This 2000 base is the nicest riding, most well equipped, and the least expensive to repair luxury car for the $3-5,000. Even though I didn’t. Pay half that for this fixer-upper. And it gets close to 40 mpg on the highway and I have not had it in for alignment yet.

  • avatar
    Rental Man

    Saab Story. Why is Saab such a lame duck? They have 2 new fully developed cars in the most important near luxury products. 9-5 sedan & wagon and the 9-4X. The 9-3 needs work. Why won’t someone pick them up?

    • 0 avatar
      MrWhopee

      Well, if you know someone who could, I’m sure they’ll be glad to hear from you! :)

      I suppose it’s because they don’t sell many cars, and have stopped production. Once they stopped production their chances of surviving really went down the drain, because they’re not a ‘currently running’ company anymore. I suppose it’s like a car that doesn’t run. Even if it runs poorly, if you can say in your ad “it runs”, it’s got much better chance of finding buyers.

    • 0 avatar
      jeff_vader

      Because within the sector they have traditionally sold to (urban, middle class, professional, BMW buyers basically) the market place has made a decision.
      “That Swedish design thing you’ve got going on is nice but I think I’ll stick to my BMW/Audi/Merc thanks. That way my neighbours can see that I’m a success and the recession isn’t effecting me,”

      In Europe at least, the market has descended into a cloud of diesel powered grey German made conformity. I’m fairly new to this site but as pointed out here on more than a couple of occasions there is one simple plain truth out there;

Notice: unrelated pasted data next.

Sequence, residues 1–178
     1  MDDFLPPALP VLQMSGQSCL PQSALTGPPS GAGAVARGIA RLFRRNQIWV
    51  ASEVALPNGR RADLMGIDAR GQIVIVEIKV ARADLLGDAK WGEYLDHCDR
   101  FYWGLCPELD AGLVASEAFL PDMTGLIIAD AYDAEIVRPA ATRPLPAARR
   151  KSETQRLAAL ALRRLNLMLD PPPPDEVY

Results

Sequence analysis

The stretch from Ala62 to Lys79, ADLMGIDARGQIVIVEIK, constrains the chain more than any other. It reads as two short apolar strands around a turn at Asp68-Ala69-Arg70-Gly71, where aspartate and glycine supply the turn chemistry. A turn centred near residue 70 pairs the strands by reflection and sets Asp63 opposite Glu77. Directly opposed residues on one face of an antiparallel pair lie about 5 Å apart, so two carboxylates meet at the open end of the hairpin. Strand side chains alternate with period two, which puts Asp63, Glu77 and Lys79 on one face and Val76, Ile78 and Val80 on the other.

There are too many brands, making too many cars, for too few customers.

      This is the massive elephant in the room that no one in the motor industry wants to see. Mullers massive under-estimation of what it would take to save Saab has not helped but in current market place Saab may well be the first worldwide brand to go but they will not be the last.
      A lot of CEOs will be nervously checking their balance sheets this morning.

  • avatar
    seanx37

    “possibly as soon as later today”

    So, what happened? It is 10:30 pm in Sweden. Any further updates?

  • avatar
    jpolicke

    Pay no attention to SAAB’s claims of not being dead yet. Throw’em on the cart.

  • avatar
    jeff_vader

    Sections of the Swedish media are reporting this morning that PangDa have walked.

    According to sources at the same conference where the Autocar article was sourced, PangDa’s chairman, Pang Qinghua, is saying that Saab/SWAN broke the terms of their agreement when they went into Re-Organisation without full consultation with them.

    Far more worryingly he is also saying that all the documentation for the deal has NOT yet been handed into the NRDC.

    To keep the Monty Python/Last Supper references it looks like the main course is on the way and it would appear to be
    …..the Salmon Moose

  • avatar
    jeff_vader

    Everything in that last post of mine has now been denied by both PangDa & Saab/SWAN.

    In a statement released on Reuters by both Saab & PangDa it was down to a “mis-translation & a mis-understanding”. There is no plan to withdraw and the documents have been filed.

    WTF??????

  • avatar
    Omnifan

    More like the used car phrase “Ran When Parked.” We all know how most of those opportunities work out.

  • avatar
    DaveDFW

    Yesterday’s reports are today being dismissed as “translation errors.”

    http://www.reuters.com/article/2011/10/12/china-auto-saab-idUSL3E7LC16120111012